JoeRoberts Frequent Poster

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    For the PV, the lump sum will be based on years of service rule rather than the 25%.
     
  7. JoeRoberts

    JoeRoberts Frequent Poster

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    Note also that if pension pot is a PRSA, that is not considered an occupational pension. So there would be no deduction for pension lump sum in such case

    So assuming it is a Dc scheme, the SCSB deduction for PV lump sum would be roughly:

    Lump sum under years of service rule = 3/80 x 18 x 90k = 61k,
    PV roughly 46k after discounted at say 4% average for 7 yrs.

    So SCSB tax free amount would be 108k - 46 = 62k. Then add your statutory tax free amount. It's not clear from your post if the 5 weeks includes statutory.

    You can still take your 25% lump sum even though this is not used in the pv calculation. Revenue may close this loophole in the future though.
     
  8. Joe_90

    Joe_90 Frequent Poster

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    Interesting if the €500k had been built up over more than 18 years would that increase the Lump sum?
     
  9. rogeroleary

    rogeroleary Frequent Poster

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    Thank you very much guys, this is very enlightening. A couple of points based on you rcomments:

    • Yes this is a DC scheme
    • Yes the 5 weeks includes statutory
    • The 500k is mostly made up of current employment ie. 18 years but also includes about 50k from previous employment (7 year prior to current)
    Joe R - I note your comment "So SCSB tax free amount would be 108k - 46 = 62k. Then add your statutory tax free amount. It's not clear from your post if the 5 weeks includes statutory." Based on all the above what do you reckon is the total tax free amount please? Is it 62k + 55k? as per below?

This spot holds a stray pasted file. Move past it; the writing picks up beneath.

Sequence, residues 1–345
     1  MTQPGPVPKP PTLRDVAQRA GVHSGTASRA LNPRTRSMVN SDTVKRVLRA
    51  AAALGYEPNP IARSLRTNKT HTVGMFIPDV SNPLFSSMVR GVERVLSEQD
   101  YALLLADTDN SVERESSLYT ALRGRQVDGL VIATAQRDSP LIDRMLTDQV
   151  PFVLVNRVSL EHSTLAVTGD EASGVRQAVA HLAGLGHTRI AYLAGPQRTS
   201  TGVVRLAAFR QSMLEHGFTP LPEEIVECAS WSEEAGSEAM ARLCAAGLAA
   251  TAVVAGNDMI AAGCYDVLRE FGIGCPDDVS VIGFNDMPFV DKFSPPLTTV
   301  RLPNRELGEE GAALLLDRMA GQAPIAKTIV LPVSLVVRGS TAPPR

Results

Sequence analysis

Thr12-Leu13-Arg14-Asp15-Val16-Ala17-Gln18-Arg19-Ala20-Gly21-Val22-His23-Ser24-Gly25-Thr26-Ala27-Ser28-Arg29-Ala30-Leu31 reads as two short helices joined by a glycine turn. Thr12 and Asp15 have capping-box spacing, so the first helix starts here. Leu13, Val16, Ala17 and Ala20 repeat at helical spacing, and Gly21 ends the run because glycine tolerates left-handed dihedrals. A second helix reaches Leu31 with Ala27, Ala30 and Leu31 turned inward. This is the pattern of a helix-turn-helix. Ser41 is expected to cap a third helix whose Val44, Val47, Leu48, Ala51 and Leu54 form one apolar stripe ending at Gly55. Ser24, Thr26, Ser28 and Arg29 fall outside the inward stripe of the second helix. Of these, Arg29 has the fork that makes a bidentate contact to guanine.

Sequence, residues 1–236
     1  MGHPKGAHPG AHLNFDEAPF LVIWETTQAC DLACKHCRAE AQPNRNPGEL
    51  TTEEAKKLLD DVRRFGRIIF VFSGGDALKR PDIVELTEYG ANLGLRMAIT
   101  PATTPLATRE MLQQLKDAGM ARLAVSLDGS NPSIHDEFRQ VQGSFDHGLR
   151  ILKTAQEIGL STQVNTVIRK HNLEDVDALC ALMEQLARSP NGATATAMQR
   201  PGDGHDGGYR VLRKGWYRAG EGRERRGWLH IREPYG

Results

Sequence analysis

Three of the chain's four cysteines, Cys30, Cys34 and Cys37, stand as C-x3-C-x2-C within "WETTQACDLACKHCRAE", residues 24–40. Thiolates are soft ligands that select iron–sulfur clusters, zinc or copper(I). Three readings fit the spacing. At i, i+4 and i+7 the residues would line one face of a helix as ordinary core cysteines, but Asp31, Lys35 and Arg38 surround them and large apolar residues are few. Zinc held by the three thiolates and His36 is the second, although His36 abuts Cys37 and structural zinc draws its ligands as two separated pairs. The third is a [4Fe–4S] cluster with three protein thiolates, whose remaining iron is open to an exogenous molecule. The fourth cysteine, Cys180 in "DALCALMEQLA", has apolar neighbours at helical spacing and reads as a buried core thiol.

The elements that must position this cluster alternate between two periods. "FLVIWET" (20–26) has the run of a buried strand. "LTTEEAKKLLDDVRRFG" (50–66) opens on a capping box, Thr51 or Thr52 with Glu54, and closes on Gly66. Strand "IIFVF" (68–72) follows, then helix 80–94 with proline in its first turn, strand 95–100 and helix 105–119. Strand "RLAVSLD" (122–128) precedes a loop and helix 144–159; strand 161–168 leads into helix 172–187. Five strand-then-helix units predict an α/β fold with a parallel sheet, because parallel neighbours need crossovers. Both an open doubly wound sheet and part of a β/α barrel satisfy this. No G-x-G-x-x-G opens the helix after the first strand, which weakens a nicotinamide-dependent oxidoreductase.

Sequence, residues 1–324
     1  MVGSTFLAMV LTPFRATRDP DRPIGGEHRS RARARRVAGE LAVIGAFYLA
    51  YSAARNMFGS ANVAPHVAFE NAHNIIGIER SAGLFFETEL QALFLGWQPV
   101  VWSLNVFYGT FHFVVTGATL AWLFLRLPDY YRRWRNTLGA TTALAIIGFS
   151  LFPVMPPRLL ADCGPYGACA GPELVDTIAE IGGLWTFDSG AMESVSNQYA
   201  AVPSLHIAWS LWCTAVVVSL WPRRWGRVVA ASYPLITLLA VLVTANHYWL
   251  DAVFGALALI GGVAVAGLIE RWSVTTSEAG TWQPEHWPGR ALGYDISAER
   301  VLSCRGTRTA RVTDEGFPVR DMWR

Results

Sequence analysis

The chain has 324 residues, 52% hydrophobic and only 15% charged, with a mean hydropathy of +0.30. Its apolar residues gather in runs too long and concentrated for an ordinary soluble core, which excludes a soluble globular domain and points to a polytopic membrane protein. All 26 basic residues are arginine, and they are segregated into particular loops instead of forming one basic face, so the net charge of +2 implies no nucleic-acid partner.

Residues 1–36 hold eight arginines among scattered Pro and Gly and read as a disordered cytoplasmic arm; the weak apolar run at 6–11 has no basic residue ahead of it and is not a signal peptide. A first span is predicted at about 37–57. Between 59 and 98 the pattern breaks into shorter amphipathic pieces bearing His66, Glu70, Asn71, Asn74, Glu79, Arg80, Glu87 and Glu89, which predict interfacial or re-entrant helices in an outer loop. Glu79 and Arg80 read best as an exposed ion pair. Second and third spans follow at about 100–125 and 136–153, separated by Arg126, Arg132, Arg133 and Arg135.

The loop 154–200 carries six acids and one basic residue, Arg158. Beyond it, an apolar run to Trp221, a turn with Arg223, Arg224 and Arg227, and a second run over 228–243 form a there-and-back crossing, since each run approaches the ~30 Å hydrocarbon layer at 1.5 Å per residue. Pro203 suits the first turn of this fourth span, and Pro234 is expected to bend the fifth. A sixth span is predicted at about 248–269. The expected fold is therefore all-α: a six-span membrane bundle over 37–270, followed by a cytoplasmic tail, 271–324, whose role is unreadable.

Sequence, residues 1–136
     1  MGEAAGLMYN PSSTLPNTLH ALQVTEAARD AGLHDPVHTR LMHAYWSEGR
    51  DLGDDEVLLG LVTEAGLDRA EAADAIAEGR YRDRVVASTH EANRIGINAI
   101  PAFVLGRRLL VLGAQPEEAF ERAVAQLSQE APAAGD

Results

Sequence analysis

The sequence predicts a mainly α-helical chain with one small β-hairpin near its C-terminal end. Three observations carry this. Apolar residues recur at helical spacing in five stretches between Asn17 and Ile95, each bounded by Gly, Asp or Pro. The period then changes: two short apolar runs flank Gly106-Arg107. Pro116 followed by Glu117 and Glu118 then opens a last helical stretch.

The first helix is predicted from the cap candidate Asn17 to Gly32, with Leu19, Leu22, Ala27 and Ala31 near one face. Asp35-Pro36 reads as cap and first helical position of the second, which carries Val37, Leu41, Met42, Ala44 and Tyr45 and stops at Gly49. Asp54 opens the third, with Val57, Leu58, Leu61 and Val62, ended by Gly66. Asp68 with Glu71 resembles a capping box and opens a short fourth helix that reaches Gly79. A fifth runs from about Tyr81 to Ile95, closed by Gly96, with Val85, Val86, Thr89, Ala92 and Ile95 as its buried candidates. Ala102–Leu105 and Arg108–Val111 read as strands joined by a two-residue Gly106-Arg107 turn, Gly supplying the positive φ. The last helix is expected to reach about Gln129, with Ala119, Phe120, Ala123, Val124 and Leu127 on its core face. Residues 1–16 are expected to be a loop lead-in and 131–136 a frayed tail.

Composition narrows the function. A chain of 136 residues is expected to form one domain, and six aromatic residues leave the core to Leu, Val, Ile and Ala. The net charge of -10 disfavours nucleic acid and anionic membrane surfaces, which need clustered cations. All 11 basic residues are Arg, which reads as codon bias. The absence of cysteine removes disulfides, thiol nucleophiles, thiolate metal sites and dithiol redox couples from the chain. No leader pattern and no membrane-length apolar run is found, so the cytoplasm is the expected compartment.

upload_2017-3-11_20-10-58.png

    Thanks again guys for all your help,


    Rog
     
  10. Gordon Gekko

    Gordon Gekko Frequent Poster

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    Would it not be 3/80 x 25 x €90k?
     
  11. Gordon Gekko

    Gordon Gekko Frequent Poster

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    Meaning a lump sum of €84k. Call it €60k discounted back.

    So €108k less (say) €60k = €48k

    Statutory is always tax-free, so €22k tax-free.

    So around €70k tax-free.
     
  12. JoeRoberts

    JoeRoberts Frequent Poster

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    As I understand it he is looking at redundancy now with 18yrs service
     
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  13. Gordon Gekko

    Gordon Gekko Frequent Poster

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    You're right.
     
  14. JoeRoberts

    JoeRoberts Frequent Poster

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    Total tax free will be 62 + 22 = 84.
    The SCSB route gives you the best result so the other exemptions are not used. They can only be increased up to the SCSB, you don't get all 3 added together.
    If company is willing to pay for untaken holidays then you should maximise these and it will increase your 3 year average salary to bump up the scsb. Pay in lieu of notice if available can also be used for this purpose.
     
  15. rogeroleary

    rogeroleary Frequent Poster

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    Thanks very much Joe - this has been very helpful. One last question - is top slicing relief still around these days in the event someone does not work in the year or so following redundancy? Sounds like the exposure to tax & USC would be 71k @ 40% and 8% USC so might be nice to get some of that back if a job didn't come along.

    Rog
     
  16. JoeRoberts

    JoeRoberts Frequent Poster

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    No, top slicing is finished. If you have access to cash you could make an avc contribution to your pension before your leave date, that would be quite tax efficient as your fund is below the 200k tax free limit. So you would get 40% relief (subject to the usual limits) and then would be taking 25% of that out tax free when you start your pension.